Changes in Muscle Control After Learning to Direct Pedal Forces in One-Legged Pedaling

in Journal of Motor Learning and Development
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  • 1 University of Massachusetts Amherst
  • | 2 Korea University
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The aim of this study was to describe how major leg muscle activities are altered after learning a novel one-legged pedaling task. Fifteen recreational cyclists practiced one-legged pedaling trials during which they were instructed to match their applied pedal force to a target direction perpendicular to the crank arm. Activity in 10 major leg muscles was measured with surface electromyography electrodes. Improved upstroke task performance was obtained by greater activity in the hip and ankle flexor muscles, counteracting the negative effects of gravity. Greater quadriceps activities explained improved targeting near top dead center. Reduced uniarticular knee and ankle extensor downstroke activities were necessary to prevent freewheeling. Greater hamstring and tibialis anterior activities improved targeting performance near the bottom of the pedal stroke. The activity patterns of the biarticular plantarflexors changed little, likely due to their contributions as knee flexors for smooth upstroke pedaling motion. These results add to our understanding of how the degrees of freedom at the muscle level are altered in a cooperative manner to overcome gravitational effects in order to achieve the learning goal of the motor task while satisfying multiple constraints—in this case, the production of smooth one-legged pedaling motion at the designated mechanical task demands.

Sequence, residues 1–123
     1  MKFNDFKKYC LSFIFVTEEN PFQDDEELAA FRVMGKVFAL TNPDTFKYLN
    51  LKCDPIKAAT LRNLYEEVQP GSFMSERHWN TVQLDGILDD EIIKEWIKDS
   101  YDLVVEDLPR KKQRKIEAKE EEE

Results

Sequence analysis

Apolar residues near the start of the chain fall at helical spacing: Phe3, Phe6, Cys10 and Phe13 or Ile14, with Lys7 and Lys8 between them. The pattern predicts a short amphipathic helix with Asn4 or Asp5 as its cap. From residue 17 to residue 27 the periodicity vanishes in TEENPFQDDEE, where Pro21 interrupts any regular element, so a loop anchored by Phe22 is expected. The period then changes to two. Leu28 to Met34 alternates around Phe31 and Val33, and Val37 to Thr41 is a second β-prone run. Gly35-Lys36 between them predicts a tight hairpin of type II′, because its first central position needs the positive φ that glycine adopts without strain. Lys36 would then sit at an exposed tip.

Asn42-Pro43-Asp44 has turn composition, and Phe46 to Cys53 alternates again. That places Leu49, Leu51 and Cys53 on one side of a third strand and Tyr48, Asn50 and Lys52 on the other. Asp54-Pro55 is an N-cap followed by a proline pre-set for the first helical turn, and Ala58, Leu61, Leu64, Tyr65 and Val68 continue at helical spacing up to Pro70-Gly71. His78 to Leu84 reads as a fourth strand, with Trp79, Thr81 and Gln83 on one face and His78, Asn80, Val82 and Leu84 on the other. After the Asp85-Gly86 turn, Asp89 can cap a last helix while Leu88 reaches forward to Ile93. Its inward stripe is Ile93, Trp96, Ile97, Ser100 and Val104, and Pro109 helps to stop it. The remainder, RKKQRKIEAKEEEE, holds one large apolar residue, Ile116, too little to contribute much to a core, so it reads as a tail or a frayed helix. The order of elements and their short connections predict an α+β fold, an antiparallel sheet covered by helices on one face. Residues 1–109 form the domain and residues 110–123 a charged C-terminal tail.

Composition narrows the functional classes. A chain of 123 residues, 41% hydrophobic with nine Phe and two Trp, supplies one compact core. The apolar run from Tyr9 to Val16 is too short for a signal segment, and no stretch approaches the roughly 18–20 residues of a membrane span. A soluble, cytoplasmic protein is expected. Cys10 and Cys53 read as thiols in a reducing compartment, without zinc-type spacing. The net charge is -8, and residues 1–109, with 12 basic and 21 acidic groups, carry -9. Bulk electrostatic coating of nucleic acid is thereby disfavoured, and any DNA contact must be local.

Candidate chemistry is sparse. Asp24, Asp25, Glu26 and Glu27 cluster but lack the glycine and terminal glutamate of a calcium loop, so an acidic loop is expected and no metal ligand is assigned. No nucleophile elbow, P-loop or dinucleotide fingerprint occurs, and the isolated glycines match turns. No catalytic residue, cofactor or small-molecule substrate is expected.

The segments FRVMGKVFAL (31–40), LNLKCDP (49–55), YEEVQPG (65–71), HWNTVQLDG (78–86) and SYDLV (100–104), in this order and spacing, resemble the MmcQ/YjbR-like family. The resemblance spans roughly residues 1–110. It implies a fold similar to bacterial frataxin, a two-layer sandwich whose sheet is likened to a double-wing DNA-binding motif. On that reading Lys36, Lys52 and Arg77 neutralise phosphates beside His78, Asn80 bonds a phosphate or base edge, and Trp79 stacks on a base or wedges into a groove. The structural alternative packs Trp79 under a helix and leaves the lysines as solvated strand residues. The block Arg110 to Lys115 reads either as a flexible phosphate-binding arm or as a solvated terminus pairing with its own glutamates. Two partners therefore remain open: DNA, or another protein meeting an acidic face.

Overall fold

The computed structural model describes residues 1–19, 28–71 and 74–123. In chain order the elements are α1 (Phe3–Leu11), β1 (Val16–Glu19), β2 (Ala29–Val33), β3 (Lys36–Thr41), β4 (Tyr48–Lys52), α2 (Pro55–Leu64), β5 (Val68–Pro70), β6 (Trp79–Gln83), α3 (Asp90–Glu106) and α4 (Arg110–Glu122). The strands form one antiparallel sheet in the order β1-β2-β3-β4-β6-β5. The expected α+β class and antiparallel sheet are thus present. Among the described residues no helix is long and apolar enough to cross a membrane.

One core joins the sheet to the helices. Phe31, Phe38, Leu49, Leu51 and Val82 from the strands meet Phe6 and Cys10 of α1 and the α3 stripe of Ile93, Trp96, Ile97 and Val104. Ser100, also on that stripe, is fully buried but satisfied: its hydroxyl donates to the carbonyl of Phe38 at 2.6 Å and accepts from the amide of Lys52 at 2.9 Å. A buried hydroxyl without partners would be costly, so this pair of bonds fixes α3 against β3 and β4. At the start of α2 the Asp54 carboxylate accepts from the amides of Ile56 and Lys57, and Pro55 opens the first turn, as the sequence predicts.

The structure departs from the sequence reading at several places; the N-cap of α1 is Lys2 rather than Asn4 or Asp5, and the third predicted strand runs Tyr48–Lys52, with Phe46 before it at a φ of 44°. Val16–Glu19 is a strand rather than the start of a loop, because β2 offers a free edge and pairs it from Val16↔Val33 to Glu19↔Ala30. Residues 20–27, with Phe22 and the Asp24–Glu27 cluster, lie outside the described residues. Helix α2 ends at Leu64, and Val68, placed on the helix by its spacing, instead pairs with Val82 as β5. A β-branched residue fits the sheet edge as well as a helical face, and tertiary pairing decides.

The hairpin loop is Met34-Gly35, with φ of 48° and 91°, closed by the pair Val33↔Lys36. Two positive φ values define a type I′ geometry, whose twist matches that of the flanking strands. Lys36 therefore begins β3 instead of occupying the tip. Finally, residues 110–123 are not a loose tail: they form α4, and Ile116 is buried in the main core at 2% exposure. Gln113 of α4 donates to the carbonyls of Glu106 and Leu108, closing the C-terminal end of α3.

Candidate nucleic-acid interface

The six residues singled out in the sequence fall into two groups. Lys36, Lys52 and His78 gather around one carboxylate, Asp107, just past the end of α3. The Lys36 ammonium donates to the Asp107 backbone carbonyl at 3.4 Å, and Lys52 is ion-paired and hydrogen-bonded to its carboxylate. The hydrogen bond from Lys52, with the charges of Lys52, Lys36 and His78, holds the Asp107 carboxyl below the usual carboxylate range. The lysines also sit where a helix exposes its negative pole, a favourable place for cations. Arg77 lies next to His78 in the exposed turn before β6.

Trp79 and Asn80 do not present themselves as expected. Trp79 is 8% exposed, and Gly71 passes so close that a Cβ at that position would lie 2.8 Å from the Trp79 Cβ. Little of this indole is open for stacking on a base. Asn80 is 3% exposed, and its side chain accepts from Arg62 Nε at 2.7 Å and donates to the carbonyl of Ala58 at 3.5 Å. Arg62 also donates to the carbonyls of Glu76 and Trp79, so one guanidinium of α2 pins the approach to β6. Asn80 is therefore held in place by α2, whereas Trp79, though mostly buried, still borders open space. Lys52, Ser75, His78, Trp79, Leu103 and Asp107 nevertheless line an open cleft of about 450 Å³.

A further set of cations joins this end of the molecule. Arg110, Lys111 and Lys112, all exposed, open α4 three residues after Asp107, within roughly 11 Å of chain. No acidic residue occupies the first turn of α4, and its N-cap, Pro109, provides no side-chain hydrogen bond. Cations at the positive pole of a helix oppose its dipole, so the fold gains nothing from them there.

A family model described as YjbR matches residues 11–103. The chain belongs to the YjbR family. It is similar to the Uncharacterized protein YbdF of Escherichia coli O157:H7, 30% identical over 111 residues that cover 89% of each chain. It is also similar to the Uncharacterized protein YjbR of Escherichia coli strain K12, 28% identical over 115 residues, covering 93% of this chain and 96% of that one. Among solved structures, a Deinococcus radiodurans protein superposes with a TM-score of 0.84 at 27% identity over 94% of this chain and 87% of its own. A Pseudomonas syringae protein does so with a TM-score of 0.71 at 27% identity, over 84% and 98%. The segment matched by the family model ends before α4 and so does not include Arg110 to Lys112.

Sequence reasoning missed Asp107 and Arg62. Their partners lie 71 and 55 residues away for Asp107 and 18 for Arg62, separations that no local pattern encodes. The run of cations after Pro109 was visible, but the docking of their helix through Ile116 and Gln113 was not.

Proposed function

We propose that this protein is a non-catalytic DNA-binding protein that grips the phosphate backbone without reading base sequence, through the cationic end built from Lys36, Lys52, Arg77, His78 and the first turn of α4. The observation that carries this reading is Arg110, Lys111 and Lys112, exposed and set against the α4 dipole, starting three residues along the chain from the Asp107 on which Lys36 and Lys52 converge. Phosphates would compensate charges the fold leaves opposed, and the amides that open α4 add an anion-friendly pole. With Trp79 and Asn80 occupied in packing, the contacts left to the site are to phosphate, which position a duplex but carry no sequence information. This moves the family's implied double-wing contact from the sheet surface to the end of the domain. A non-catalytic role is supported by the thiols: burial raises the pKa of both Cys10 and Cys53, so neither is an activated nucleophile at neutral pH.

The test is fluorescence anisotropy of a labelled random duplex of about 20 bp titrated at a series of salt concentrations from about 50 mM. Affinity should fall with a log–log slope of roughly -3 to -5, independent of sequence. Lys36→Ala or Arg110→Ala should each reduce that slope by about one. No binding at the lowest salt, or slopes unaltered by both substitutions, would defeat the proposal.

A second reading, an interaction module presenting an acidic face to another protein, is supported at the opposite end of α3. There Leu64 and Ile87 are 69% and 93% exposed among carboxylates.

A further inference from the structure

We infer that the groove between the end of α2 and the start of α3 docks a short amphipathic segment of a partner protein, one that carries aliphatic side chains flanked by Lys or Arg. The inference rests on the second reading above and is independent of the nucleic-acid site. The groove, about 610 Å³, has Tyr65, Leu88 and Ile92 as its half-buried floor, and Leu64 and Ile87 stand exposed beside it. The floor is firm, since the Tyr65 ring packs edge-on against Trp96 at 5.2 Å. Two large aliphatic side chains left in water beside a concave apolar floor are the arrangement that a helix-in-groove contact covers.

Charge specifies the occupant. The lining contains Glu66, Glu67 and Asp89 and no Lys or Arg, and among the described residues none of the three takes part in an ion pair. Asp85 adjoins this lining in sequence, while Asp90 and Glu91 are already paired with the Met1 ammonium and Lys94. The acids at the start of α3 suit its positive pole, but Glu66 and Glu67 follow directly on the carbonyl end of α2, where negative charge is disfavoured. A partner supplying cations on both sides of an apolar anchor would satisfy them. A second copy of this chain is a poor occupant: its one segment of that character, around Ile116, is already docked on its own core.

Park, Van Emmerik, and Caldwell are with the Department of Kinesiology, University of Massachusetts Amherst, Amherst, MA, USA. Park is also with the College of Medicine, Korea University, Seoul, South Korea.

Park (sangsoo.park1739@gmail.com) is corresponding author.

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